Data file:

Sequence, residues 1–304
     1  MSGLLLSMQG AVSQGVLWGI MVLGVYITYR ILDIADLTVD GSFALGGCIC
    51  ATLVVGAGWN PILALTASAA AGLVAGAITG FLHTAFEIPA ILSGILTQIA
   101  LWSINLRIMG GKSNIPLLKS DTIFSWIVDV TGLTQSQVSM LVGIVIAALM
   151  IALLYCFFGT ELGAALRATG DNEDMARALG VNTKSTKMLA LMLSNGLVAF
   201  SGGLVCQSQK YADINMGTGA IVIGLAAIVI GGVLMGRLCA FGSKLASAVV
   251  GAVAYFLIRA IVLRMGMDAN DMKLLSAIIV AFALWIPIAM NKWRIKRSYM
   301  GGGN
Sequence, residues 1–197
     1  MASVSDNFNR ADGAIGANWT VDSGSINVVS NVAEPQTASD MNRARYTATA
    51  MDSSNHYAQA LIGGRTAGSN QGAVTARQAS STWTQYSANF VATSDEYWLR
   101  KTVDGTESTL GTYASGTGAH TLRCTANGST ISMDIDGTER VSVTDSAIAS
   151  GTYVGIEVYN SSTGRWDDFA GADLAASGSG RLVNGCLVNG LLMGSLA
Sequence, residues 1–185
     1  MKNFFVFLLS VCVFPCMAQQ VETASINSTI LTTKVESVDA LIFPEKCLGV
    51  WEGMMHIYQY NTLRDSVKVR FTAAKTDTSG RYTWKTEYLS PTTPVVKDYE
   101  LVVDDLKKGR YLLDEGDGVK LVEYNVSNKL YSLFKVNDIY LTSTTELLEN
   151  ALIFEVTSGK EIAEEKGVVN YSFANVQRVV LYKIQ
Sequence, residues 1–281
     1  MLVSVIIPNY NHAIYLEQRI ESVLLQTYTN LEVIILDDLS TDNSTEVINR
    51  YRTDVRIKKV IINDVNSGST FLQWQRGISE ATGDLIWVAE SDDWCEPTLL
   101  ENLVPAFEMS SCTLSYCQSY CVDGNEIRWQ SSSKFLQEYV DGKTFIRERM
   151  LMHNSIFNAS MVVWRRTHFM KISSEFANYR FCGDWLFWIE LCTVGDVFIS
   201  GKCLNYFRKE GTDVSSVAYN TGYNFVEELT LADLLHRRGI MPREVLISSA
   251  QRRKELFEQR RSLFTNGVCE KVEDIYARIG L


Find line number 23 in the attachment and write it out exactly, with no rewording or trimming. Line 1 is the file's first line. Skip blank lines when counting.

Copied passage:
   151  LMHNSIFNAS MVVWRRTHFM KISSEFANYR FCGDWLFWIE LCTVGDVFIS